Declaring bankruptcy is not usually an easy decision for anyone, and it's not something to decide on lightly. When you declare bankruptcy, this can affect your credit rating for many years to come and make it difficult to get a loan or any line of credit; in some cases, a bankruptcy might affect your ability to qualify for certain jobs. However, there are times when it's good to think about bankruptcy as an option as it can mean relief from overwhelming debt. A bankruptcy attorney can be the best person to advise if your situation is dire enough to warrant this choice, but note a few considerations you might keep in mind that can help you make the decision.
Is your debt interfering with your ability to care for your daily necessities?
You may not like paying on old loans and credit cards as that's money you could be using for discretionary spending, but if your loans and debt are interfering with your ability to pay your rent, car insurance, and medical insurance, and are even so costly that you scramble to buy groceries every week, it may be time for bankruptcy. This is especially true if you've made all the cuts you can when it comes to your daily necessities and can't reduce your spending any more.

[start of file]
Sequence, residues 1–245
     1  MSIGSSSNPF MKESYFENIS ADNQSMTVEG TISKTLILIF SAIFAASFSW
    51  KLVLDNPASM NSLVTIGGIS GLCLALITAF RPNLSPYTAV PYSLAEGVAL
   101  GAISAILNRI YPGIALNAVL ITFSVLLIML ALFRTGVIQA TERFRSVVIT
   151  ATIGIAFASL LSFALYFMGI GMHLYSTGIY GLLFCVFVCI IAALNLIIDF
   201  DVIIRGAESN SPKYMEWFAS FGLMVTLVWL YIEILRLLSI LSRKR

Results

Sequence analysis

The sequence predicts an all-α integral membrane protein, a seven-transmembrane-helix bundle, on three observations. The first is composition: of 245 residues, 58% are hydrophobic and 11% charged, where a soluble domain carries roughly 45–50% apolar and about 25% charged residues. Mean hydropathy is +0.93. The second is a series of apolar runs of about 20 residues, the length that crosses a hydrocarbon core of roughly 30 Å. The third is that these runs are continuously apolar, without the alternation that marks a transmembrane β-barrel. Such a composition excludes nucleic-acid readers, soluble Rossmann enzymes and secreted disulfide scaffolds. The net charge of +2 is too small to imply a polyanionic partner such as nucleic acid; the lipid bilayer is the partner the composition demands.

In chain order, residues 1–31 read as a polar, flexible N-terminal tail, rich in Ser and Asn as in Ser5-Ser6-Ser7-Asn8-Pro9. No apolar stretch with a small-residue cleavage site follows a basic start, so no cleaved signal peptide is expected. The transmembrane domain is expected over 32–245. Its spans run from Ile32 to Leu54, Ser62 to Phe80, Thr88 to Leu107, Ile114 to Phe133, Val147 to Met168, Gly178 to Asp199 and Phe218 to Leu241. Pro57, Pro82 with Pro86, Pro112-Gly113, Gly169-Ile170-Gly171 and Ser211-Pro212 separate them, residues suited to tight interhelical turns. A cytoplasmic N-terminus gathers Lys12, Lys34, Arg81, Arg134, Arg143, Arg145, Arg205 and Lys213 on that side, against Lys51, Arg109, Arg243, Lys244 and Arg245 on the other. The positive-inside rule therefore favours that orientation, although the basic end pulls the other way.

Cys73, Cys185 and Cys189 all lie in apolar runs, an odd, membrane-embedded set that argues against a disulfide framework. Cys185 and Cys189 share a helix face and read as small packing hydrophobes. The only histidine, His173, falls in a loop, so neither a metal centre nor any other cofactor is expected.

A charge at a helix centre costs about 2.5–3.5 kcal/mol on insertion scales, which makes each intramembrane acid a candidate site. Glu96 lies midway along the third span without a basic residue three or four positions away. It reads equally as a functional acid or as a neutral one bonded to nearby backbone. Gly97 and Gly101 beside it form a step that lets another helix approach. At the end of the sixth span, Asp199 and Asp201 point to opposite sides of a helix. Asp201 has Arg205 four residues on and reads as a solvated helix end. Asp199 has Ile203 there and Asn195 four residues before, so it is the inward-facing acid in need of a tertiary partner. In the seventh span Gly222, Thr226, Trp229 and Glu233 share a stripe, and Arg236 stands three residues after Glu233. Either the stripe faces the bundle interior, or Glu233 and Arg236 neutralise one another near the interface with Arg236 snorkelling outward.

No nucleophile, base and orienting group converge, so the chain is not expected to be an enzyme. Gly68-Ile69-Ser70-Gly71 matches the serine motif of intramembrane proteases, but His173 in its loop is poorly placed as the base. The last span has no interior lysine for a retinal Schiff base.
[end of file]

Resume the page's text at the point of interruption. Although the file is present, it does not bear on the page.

Note how many years it would actually take you to pay off the debt
If you could "buckle down" and pay the amount you owe on loans and credit card bills for a year or so and have them paid off, you may not be the right candidate for bankruptcy. However, if you realize that it would take you many years to pay off those loans, or that they're so dire that you are simply going to be paying on the interest alone for many years, bankruptcy might be a better option. This can mean not facing all those years of payments that won't help much to get you out of actual debt anyway.
If you're not concerned much about your credit rating for the time being
If you already have a car that you know will last many years so that you won't need a car loan anytime soon, already own a home or live with someone else, you might not be worried about the immediate damage to your credit. Consider this carefully, however, as you might not need a loan now but your situation may change in a year or so. But if you know the debt relief you get from bankruptcy is worth the "black mark" on your credit report, it might be the best option for you. Talk to a lawyer who specializes in insolvency in bankruptcy for more information.